Additional Voluntary Contribution (AVC)

What Is an Additional Voluntary Contribution (AVC)?

An additional voluntary contribution (AVC) is a term describing an employee's tax-deferred payment to a retirement savings account that exceeds the amount their employer matches. The employee may make additional annual voluntary contributions up to certain approved amounts by the Internal Revenue Service (IRS).

Key Takeaways

  • An additional voluntary contribution is an employee contribution beyond the employer's matching contributions to a retirement plan.
  • Excessive IRA contributions will trigger a 6% excess contribution tax once the funds are withdrawn upon retirement.
  • In 2022, the contribution limit for 401(k) plans is $20,500 (increasing to $22,500 in 2023), plus an additional $6,500 for those aged 50 and over (increasing to $7,500 in 2023).
  • In 2022, the contribution limit for IRA accounts is $6,000 (increasing to $6,500 in 2023), plus an additional $1,000 for employees aged 50 and over.

Understanding an Additional Voluntary Contribution (AVC)

Employees can make additional voluntary contributions to tax-deferred savings accounts such as 401(k), 403(b), SEP-IRA, and SIMPLE IRA plans. Roth IRAs and designated Roth accounts don't allow the employee to contribute pretax dollars.

This essentially means that employees may postpone paying income taxes on this portion of their salaries until they withdraw the money upon retirement. With Roth IRAs and designated Roth accounts, the income taxes are paid at the time contributions are made, meaning they are not pretax contributions. However, Roth's allow tax-free withdrawals or distributions in retirement.

Employer Matching Contributions

With employer-sponsored retirement plans, employers can match the percentage of the salary that an employee contributes, up to a threshold. For example, an employer might contribute 3% of an employee's salary each year.

The employer might require that the employee also contribute a minimum percentage in order to qualify for the employer match. In some cases, companies offer programs with higher matching maximums, while others offer no matching options of any kind.

Employee Contribution Limits

The IRS has established annual contribution limits for 401(k)s. For 2022, the maximum employee contribution limit per year is $20,500 (increasing to $22,500 in 2023). If you are aged 50 or older, an additional catch-up contribution of $6,500 is allowed (increasing to $7,500 in 2023).

SIMPLE IRAs have a $14,000 employee contribution limit in 2022 (increasing to $15.500 in 2023). The catch-up contribution is $3,000 (increasing to $3,500 in 2023). SIMPLE IRAs are plans that are offered by companies with fewer than 100 employees.

The contribution limits for employer-sponsored retirement plans are much higher than the limits for individual retirement accounts (IRAs) and individual Roth IRAs. Per the IRS, individuals can contribute a maximum of $6,000 in 2022 to IRAs (increasing to $6,500 in 2023). For those aged 50 and over, they can contribute an additional $1,000 as a catch-up contribution.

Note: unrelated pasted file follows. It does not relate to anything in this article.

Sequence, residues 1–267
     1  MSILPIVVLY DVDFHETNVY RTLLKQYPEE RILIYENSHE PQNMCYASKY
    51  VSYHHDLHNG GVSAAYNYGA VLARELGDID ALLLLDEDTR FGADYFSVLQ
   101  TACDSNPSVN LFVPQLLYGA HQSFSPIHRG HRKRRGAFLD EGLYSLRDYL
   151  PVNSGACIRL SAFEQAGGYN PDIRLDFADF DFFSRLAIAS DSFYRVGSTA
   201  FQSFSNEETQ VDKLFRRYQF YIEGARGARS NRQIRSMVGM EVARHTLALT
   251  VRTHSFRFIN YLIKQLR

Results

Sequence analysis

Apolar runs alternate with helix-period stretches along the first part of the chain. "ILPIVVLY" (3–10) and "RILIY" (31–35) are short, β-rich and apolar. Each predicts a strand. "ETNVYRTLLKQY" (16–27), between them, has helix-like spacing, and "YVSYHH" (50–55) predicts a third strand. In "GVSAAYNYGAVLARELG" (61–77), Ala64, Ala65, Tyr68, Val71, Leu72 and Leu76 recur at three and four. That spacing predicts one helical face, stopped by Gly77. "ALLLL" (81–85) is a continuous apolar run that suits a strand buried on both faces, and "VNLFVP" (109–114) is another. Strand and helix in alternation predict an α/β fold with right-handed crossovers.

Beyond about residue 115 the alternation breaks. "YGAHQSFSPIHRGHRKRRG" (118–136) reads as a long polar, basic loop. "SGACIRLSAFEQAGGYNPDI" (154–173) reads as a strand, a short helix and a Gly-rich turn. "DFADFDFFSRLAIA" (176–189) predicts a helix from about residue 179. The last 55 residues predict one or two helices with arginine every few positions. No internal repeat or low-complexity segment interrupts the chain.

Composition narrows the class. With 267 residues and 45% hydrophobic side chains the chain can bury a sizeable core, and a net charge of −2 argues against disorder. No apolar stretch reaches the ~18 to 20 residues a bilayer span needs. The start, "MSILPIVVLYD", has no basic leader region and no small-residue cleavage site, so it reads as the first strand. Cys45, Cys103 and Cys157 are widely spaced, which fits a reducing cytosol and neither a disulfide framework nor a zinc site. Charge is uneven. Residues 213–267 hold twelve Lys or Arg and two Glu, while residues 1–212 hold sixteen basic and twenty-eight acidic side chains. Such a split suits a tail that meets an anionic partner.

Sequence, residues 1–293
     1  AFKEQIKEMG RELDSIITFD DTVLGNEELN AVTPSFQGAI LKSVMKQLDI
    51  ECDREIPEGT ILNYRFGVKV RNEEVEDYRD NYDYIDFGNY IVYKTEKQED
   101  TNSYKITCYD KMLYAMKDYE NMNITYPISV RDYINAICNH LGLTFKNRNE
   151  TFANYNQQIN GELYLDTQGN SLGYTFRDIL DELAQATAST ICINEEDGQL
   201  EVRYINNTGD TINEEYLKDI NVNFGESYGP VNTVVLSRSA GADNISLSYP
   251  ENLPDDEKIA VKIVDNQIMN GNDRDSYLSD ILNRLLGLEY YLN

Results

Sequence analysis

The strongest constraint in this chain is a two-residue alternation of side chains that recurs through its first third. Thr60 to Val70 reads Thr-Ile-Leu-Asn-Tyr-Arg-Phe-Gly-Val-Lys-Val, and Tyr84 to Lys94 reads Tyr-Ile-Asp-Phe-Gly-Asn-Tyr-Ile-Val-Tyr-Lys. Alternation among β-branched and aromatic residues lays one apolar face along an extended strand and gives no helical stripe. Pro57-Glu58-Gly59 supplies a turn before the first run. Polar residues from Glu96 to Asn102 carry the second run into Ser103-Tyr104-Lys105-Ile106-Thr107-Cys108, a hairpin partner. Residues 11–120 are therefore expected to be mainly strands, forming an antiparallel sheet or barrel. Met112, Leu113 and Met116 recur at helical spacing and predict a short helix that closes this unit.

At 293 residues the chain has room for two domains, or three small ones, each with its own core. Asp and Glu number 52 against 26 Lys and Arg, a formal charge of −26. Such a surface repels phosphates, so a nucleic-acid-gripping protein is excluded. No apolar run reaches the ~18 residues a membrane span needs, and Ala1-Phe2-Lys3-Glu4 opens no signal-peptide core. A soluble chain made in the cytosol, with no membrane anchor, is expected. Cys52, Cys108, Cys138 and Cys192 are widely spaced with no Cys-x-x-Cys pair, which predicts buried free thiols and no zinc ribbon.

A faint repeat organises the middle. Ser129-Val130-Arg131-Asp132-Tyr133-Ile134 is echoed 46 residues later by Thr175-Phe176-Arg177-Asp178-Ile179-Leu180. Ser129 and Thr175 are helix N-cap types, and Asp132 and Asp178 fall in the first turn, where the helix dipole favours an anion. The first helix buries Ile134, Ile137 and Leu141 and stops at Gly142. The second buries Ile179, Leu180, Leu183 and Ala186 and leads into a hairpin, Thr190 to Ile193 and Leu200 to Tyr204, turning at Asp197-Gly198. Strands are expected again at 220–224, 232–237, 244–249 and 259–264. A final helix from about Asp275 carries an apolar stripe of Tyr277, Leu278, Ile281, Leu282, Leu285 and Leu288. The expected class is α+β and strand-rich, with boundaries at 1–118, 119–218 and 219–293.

The IRS may impose a tax on excess contributions, which are those offerings that go beyond the additional voluntary contribution limit.

In the above employee contribution limits, they do not include employer contributions. If an employer, for example, contributed to an employee's plan 5% of the employee's $50,000 salary, they would add $2,500 to the employee's 401(k).

Let's say that the employee was also required to add 5% of their salary to qualify for the employer match. Any additional employee contributions beyond the employer match of 5% would be considered additional voluntary contributions.

Tax Consequences of Excess Contributions

Additional voluntary contributions may vary in tax treatment, depending on the type of plan. Typically, contributions made to tax-deferred accounts will accumulate or grow tax-free until retirement.

When the funds are withdrawn for retirement, the IRS will levy a 6% tax on the extra amount contributed, and on any investment returns earned by that money every year until then.

What Is the Contribution Limit for a 401(k) Plan?

The contribution limit for a 401(k) plan is $12,500 in 2022. This increases to $22,500 in 2023. For 2022, an additional $6,500 catch-up contribution is allowed if you are aged 50 or older, increasing to $7,500 for 2023.

What Is the Contribution Limit for an IRA?

For both a traditional IRA and a Roth IRA, the contribution limit in 2022 is $6,000, increasing to $6,500 in 2023. If you are aged 50 or older, an additional $1,000 catch-up contribution is allowed.

What Are Voluntary Contributions to a 401(k)?

Voluntary contributions to a 401(k) are additional contributions made by you to your 401(k) account that is funded with after-tax dollars, meaning you do not receive the tax-advantage benefits of a 401(k) on those voluntary contributions.

Article Sources
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  1. Internal Revenue Service. "Retirement Topics—Contributions."

  2. Internal Revenue Service. "Retirement Topics - IRA Contribution Limits."

  3. Internal Revenue Service. “401(k) Limit Increases to $22,500 for 2023, IRA Limit Rises to $6,500.”

  4. Internal Revenue Service. "Retirement Topics - SIMPLE IRA Contribution Limits."

  5. Internal Revenue Service. "SIMPLE IRA Plan."

  6. Internal Revenue Service. "Retirement Topics - 401(k) and Profit-Sharing Plan Contribution Limits."

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